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Thread: Phone antenna band comparison

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    Phone antenna band comparison

    So in the Fall I will be looking for a new phone. I have an iPhone 6 right now. It of course does not have band 12 support. I am most likely getting an iPhone 7, when it is released. I have read some things saying that iPhone antennas are not as good as Android Flagships. Now if I can get better signal from an android then I will switch. Any comparisons from the iPhone 6s with say a Galaxy S6 or 7? Has anyone noticed this? Are there facts to back this up?

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    Quote Originally Posted by jaweather15 View Post
    So in the Fall I will be looking for a new phone. I have an iPhone 6 right now. It of course does not have band 12 support. I am most likely getting an iPhone 7, when it is released. I have read some things saying that iPhone antennas are not as good as Android Flagships. Now if I can get better signal from an android then I will switch. Any comparisons from the iPhone 6s with say a Galaxy S6 or 7? Has anyone noticed this? Are there facts to back this up?
    I don't think there really are any real facts. Phone RF performance is highly subjective, so many many variables that it's very hard to tell just how well they stack up to one another. For instance phone A. could perform terribly in one place while phone B. works great, and then in another place phone A. might work better than phone B. That's the nature of the RF beast.

    As far as iPhone 6S and S6 go, they're in the same ballpark, again one does better then the other at various different things and I think they come out to a tie in the end. This also depends on the network that the phones are on. I do believe T-Mobile Samsung devices are programmed to lie about signal strength quite a bit as opposed to the same device on AT&T, which is yet another factor because it may hold onto signal longer if it thinks it's stronger than it really is.

    In the end I think pretty much all the more recent phones perform pretty well in the RF department, including iPhone 6 and up models. I find it not worth worrying about anymore (unlike just a few generations ago).

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    Moto X Pure has band 12 and Android Marshmallow for $399 at Best Buy
    AT&T... your world, throttled.

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    What about Blackberries with the Paratek antenna?

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    I'm not sure if there are comparison facts available, but rather just what people have experienced. I'm in the "iPhone antennas are meh" category. There are a few buildings I'll walk into where my 6+ will fall back to HSPA+ or even EDGE while nearly any Android device would stay on usable LTE (all in non-band 12 areas). I've read of some people swearing by the iPhone's antenna, so YMMV.

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    Quote Originally Posted by GusHerb94 View Post
    I don't think there really are any real facts. Phone RF performance is highly subjective, so many many variables that it's very hard to tell just how well they stack up to one another. For instance phone A. could perform terribly in one place while phone B. works great, and then in another place phone A. might work better than phone B. That's the nature of the RF beast.

    As far as iPhone 6S and S6 go, they're in the same ballpark, again one does better then the other at various different things and I think they come out to a tie in the end. This also depends on the network that the phones are on. I do believe T-Mobile Samsung devices are programmed to lie about signal strength quite a bit as opposed to the same device on AT&T, which is yet another factor because it may hold onto signal longer if it thinks it's stronger than it really is.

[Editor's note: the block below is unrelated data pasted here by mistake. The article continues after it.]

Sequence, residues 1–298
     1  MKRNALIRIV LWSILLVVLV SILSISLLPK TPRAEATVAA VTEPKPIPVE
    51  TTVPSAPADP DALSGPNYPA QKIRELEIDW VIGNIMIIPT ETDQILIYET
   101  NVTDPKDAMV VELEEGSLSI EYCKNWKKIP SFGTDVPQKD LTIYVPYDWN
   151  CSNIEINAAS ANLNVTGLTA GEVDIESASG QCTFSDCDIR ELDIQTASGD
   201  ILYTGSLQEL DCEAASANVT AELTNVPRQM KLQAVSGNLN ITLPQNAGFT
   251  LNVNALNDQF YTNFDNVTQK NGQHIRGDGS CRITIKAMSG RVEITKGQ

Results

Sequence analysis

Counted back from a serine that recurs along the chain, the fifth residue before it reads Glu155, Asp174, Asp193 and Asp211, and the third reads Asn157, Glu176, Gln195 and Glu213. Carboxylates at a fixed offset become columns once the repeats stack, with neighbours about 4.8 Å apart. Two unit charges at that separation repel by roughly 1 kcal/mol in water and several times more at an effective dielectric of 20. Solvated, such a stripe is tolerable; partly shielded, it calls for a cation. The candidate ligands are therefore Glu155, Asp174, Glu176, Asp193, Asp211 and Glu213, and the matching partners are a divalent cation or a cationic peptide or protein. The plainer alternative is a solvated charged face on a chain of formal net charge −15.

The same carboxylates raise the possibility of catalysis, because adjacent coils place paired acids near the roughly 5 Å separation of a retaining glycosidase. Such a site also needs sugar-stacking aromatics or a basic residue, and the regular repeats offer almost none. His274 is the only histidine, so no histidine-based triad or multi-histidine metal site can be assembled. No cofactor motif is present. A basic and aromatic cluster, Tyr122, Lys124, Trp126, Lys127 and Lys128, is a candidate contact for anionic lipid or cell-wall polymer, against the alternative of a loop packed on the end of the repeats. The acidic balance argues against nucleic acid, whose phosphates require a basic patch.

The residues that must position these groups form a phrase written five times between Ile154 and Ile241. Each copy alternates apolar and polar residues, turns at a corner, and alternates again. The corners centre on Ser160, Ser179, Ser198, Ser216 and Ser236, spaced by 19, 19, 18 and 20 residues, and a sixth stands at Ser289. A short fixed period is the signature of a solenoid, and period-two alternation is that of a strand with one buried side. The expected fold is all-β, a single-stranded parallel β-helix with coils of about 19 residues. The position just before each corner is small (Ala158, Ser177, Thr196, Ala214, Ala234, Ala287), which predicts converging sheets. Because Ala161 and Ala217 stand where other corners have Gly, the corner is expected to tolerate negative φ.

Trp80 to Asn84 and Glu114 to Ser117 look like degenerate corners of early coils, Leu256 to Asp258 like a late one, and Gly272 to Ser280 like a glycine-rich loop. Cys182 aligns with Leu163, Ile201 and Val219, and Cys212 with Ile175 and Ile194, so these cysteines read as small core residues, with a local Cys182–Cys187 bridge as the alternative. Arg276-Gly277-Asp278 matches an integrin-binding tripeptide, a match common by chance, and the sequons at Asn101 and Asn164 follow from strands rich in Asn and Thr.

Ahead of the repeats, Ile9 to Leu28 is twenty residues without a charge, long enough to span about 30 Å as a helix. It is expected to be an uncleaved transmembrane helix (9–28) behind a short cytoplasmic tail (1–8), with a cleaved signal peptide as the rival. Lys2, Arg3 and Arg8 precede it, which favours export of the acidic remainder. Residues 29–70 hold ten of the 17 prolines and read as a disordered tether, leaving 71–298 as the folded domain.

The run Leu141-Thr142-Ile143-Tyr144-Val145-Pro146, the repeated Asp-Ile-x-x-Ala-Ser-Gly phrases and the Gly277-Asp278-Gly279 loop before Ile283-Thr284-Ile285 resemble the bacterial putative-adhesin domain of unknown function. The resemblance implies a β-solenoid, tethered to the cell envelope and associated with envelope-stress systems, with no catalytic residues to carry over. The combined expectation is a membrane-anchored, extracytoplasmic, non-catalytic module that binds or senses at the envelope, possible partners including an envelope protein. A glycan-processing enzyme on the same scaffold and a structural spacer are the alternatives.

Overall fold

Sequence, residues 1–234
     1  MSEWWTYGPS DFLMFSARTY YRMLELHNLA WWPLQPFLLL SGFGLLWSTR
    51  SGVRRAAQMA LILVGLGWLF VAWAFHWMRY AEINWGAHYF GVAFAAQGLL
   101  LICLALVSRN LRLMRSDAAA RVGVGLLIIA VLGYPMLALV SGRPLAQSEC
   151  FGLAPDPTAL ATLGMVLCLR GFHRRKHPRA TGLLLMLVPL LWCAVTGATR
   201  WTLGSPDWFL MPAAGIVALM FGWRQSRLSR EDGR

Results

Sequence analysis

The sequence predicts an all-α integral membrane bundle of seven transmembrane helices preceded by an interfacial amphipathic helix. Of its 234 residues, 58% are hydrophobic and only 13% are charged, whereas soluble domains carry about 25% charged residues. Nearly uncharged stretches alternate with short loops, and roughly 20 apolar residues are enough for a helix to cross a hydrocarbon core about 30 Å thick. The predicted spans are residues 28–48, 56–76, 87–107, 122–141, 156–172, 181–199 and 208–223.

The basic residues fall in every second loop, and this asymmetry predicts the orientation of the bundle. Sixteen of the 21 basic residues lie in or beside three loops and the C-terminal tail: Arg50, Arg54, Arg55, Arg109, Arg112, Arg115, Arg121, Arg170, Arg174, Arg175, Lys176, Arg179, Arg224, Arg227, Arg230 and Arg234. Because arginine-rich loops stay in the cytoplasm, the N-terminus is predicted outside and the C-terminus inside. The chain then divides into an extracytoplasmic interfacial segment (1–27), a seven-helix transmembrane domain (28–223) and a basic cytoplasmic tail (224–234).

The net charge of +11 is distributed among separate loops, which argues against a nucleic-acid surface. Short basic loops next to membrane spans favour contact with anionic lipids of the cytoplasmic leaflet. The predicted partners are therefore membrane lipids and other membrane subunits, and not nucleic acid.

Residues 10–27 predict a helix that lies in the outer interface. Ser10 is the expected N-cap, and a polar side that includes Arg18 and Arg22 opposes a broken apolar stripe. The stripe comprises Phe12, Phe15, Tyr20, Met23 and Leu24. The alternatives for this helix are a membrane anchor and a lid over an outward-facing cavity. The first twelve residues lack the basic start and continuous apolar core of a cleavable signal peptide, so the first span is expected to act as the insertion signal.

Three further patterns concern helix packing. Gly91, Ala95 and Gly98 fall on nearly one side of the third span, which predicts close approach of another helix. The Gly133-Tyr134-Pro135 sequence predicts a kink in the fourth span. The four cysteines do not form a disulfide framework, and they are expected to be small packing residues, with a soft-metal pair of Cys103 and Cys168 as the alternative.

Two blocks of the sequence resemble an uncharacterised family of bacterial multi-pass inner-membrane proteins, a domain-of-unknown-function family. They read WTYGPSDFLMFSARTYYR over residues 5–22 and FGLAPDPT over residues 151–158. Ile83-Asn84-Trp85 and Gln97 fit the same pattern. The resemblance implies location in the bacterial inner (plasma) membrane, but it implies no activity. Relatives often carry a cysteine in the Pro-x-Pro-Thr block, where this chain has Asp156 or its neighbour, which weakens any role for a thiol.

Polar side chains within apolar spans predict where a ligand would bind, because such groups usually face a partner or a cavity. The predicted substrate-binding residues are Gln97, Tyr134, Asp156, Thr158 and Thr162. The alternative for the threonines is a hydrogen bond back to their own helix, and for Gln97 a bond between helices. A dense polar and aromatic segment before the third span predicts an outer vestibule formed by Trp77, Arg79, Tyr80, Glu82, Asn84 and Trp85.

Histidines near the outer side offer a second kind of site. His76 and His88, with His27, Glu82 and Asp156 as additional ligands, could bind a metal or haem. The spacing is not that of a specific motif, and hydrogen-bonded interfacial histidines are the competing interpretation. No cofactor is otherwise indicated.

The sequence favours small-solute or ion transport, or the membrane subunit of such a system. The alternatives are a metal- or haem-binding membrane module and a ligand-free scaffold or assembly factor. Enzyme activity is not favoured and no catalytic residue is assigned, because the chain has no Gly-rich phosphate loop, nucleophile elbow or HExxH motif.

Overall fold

In the end I think pretty much all the more recent phones perform pretty well in the RF department, including iPhone 6 and up models. I find it not worth worrying about anymore (unlike just a few generations ago).
    There was an issue a few years back where iPhones were reporting better signals (Bars) than other phones at the same location. This was when I was with AT&T. I recall that the iOS was recalibrated so that fewer bars were displayed at lower signal strengths. For instance, a signal of -119 might display 2 bars, but on other devices it was only 1 bar. The best way to check signal reception is with Test Mode of course.

    By the way, on my iPhone 6s plus, -114 is 2 bars, -115 is one bar. I've also seen signals as low as -138 before going to No Service.

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    Just a observation but most of the reception complaints on the T-Mobile support site seem to come from people with iPhones.
    Donald Newcomb

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    one thing that i have noticed over the years using many different phones is sometimes one specific(not one model but one physical handset) could have particularly good or bad signal properties. i think soemtime you just get lucky and end up with a special phones with better than normal radio characteristics.

    that said on average i have found most motorola and LG handsets to be better than the average. and samsung and apple to be below average.

    for t-mobile you would definitely want a phone with band 12(700mhz) for best RF performance which means for iphones 6S/6S plus or one of the most recent android models.

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    I've found that plastic phones have the best rf performance. The difference is minimal though and there aren't any flagships that you'd want made of plastic.. M

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